Auditor General's follow-up audit

The Auditor General's 2017 and 2009 reports indicate archaic departmental systems and processes, poor corporate leadership, no explicit decision making framework for setting priorities and allocation of resources, inaccurate accounting of expenditure and a department presiding over disparate and inaccessible datasets not fit for purpose.

In 2017, 45 per cent of threatened species and ecological communities remain without recovery plans, and 18 of the 32 active recovery teams hadn't met in the last 12 months.

Above all, the report's findings point to a complacent and insular departmental executive seemingly incapable of adopting contemporary practices; bereft in the necessary conservation leadership. If it was a privately-run business, it would have gone under a long time ago.

A department in denial

In its brief and nonchalant response to the Auditor's findings, DBCA claimed the passing in 2016 of the Biodiversity Conservation Act under the Barnett Government as a key 'outcome'.

This legislation was slammed by Labor, while in opposition, the Greens, Leeuwin Group of concerned scientists, WWF-Australia and the broader conservation sector as being deeply flawed and in need of major amendments to improve accountability and transparency.

In deliberations of the Bill, proposed amendments were rejected by the then Liberal Government, including periodic and publicly available reviews of biodiversity that would determine trends in state and condition, and whether public investment was making a difference. The Act, as passed, still has major shortcomings, and is out of step with expectations found in other Australian states and countries.

It is clear that a paradigm cultural shift at DBCA is needed, along with long term political commitment to support change and bring in sound practices. Showing value for money of services and making a difference, puts a minister inevitably in a stronger position to argue for more scarce funding and resources.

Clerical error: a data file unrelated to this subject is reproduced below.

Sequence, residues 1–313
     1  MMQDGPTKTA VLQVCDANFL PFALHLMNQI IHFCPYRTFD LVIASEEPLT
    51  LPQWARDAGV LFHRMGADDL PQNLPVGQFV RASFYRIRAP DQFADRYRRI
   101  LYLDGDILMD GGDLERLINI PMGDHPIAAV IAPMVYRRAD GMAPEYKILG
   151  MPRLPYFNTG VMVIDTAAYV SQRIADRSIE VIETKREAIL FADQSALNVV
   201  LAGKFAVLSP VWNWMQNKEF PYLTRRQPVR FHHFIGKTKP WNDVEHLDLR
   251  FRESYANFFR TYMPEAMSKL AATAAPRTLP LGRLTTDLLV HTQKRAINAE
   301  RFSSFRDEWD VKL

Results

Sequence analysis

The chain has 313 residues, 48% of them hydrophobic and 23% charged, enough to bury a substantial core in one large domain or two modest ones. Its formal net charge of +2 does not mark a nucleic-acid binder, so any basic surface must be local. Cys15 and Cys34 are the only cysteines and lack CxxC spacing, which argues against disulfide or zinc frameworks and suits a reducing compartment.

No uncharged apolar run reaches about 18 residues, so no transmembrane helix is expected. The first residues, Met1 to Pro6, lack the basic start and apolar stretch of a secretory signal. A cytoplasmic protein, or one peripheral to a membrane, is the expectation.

The big picture might be confronting, but must be known to inform decision making.

It's been 10 years since the last WA State of Environment report was published that analysed trends in the environment when Labor was in office.
The lack of natural resource evaluation and transparency in environmental management over the course of the past two Liberal governments has helped foster an ostrich syndrome culture, with a 'don't want to know, don't (need to) tell' approach - and therefore don't need to do anything of substance about the runaway species 'extinction express'.

This ultimately helps no one, certainly not future generations or biodiversity in the immediate future.

The McGowan government in its first budget year has a timely opportunity to bring about a major cultural shift to ensure a legacy of good business practices and decision making in conservation, rather than following what has become mediocre, and disappointing.

WA's biodiversity is far too precious to allow business as usual to continue. In another eight years – two government terms henceforth – will biodiversity be improving, or not, and will the return from a large public investment for conservation be worth it?

Keith Claymore is a former senior officer with the Western Australia government and has 30 years experience in biodiversity conservation.